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americanangel

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Okay I'm stuck on this for my calc II class...
integral of (x^3)(e^-x^2) and integral of (x^3)(2+x)^(5/2)
I know both are integration by parts but nothing is working!!! Somebody please help!!!
 
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americanangel

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yeah that is what i was thinking but i keep getting these freaky integrals that dont match the real answer!!!

thanks for the reply

any ideas welcome!!!
 

Cerberus

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Ok, i'll do the first one.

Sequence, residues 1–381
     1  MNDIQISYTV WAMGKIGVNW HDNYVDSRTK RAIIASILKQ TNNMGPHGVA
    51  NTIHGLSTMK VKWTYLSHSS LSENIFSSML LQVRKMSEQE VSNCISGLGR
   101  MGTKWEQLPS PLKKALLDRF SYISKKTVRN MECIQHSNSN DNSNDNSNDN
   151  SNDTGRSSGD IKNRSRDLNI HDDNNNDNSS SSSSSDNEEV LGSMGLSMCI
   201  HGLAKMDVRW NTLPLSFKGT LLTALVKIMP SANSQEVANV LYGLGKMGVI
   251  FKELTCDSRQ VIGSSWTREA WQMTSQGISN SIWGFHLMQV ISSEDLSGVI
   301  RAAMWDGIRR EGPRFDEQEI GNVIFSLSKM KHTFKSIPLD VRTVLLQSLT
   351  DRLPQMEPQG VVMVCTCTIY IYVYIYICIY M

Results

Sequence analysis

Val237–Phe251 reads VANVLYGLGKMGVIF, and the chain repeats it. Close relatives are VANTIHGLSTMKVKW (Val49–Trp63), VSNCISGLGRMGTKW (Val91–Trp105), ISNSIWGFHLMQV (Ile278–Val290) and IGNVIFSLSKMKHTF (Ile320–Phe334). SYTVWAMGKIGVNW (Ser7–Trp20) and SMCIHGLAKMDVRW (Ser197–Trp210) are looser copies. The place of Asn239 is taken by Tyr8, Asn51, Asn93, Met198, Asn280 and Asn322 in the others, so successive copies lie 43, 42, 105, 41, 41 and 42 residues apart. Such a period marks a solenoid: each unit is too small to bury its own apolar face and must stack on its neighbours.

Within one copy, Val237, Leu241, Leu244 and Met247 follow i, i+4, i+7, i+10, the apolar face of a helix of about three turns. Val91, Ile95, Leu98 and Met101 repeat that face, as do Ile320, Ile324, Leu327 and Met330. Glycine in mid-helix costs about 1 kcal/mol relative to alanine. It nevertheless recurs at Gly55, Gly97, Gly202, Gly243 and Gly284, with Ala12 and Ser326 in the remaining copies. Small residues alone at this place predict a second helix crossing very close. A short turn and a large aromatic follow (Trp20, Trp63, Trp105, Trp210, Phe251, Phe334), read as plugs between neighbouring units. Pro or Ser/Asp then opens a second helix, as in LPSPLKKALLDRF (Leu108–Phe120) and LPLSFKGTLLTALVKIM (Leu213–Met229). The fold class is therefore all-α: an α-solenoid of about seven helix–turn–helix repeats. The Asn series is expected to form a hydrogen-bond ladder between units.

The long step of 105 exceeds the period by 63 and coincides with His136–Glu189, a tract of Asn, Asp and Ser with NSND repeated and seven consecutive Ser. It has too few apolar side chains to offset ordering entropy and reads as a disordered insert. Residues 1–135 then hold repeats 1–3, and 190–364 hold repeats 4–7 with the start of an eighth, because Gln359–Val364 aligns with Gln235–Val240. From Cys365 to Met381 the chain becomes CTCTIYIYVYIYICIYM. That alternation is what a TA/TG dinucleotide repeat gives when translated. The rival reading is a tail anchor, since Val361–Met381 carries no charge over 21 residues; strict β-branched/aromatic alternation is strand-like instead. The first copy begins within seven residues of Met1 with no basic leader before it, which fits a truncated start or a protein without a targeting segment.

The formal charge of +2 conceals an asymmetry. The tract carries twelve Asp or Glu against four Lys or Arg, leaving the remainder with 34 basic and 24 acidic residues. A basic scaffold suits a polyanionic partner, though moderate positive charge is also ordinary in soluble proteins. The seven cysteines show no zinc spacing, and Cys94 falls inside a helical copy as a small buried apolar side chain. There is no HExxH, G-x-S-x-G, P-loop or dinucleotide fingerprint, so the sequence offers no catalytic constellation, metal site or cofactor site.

int(x^3)(e^-x^2)dx

let u=x^2

then

int[u*x*e^(-u)dx]
and dx = du*1/(2x)

so

int[u*x*e^(-u)(1/(2x)du) = 1/2*int[u*e^(-u)du]

by integration by parts:

1/2*int[u*e^(-u)du] = 1/2[-u*e^(-u) - int[1*e^(-u)du] = -1/2*u*e^(-u) + 1/2e^(-u) = -1/2*x^2*e^(-x^2) + 1/2e^(-x^2) = e^(-x^2)*(1-x^2)/2
 

americanangel

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oh cool...that found my mistake...i did u=x instead of x^2
why i did that I dont know but at least I straightened that out!!!

thanks so much for that!!!
i really appreciate it!!!
 

kels

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For the second one, just substitute u=x+2. So you'll have (u-2)^3*u^(5/2). Expand the first term (u-2)^3 and you'll get something slight messy, but then you can multiply tern by term with u^(5/2), so you'll have a long polynomial with terms like u^(11/2). Then you can integrate those individually, like 12/13*u^(13/12).
 
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